An odious debt was defined in 1927 by the Russian theorist of international obligations Alexander Sack as one incurred by a "regime," not "a nation." When Saddam Hussein went to France and Russia to borrow money, was that money turned to the use of the Iraqi people, or was it for self-aggrandizement?
The Democratic high command in Congress has joined forces with the White House in taking the position that the debts should be repaid. But that view of things hasn't been highly ventilated, and the political season is one that would certainly welcome a public debate on the question. Reps. Carolyn Maloney of New York and Jim Leach of Iowa have introduced legislation, the Iraqi Freedom Debt Act, which encourages the International Monetary Fund (IMF) and the World Bank to set aside the $150 billion debt incurred during Saddam's years in power.
At the end of October, Madrid will host a conference at which the question of contributions toward the recovery of Iraq will be discussed. One can of course expect that France and Russia will be there insisting that their loans to Iraq must not be segregated as odious debts, not repayable by the new Iraq. As things now stand, the U.S. government will simultaneously argue (1) that the debts should be repaid, and (2) that other nations should contribute to the cost of restoring Iraq.
That's the kind of thing that happens in diplomatic circle-squaring conferences, where you run into yourself coming down the other way. The United States believes formally that the debts should be repaid and believes also that the countries to which the money would be repaid ought to fork it over as their contribution to the rebuilding of Iraq.
If you participated in the Madrid conference, what arguments would you probably be hearing?
The odious-debt people are going to argue that the $150 billion (the figure is approximate) was used by Saddam in hideously expensive and egomaniacal ways. The money bought palaces, weapons of mass destruction and gold bullion for the ruling family. They will argue that Iraq's natural wealth was sufficient to provide for any normal needs of the state, such as to guard against starvation or pestilence.
Enter the United States. Our government has not asked to be compensated for the cost of our military venture to effect the liberation of Iraq. But voices are raised asking why we should not take some part of Iraq's oil revenues in the future to compensate us at least for some of the $87 billion Mr. Bush has asked for to consummate the Iraqi recovery.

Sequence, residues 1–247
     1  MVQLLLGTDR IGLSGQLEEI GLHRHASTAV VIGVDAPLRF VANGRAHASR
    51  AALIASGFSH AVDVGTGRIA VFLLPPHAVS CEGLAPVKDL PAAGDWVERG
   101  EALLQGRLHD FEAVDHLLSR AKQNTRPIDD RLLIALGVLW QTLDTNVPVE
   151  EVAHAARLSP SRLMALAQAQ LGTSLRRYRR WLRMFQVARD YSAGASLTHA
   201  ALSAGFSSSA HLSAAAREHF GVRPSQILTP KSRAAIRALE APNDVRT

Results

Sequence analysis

Rep. Tom Feeney, R-Fla., has proposed that money paid out to Baghdad should be in the form of a loan, which would permit us, in better economic days, to put in for repayment. We do not know at this point whether, in Madrid, the U.S. representatives will press beyond the moral point. That point looks Russia and France in the face and says: You should contribute to this Marshall Plan for Iraq on the grounds that you stand to benefit from a non-odious neighbor in the Middle East. A different approach, though it makes the same point, is to adopt the position that money coming in from oil revenues should be pre-empted to repay the United States the anticipated $87 billion spent on assisting Iraq.
It is no wonder that Alexander Sack, who distilled the odious-debt doctrine seeking to protect successor governments from responsibility for debts incurred by predecessors when unrelated to national concerns, is a voice in the chanceries of power. It is a very solemn act to repudiate a national debt. Russia most recently did that, when in 1998 it failed to pay a debt come due. To have a responsible reason for not paying a debt generates great warmth of mind and body, and the prospect of booting Chirac and Putin for their failure to cooperate with us in removing Saddam gives understandable satisfaction.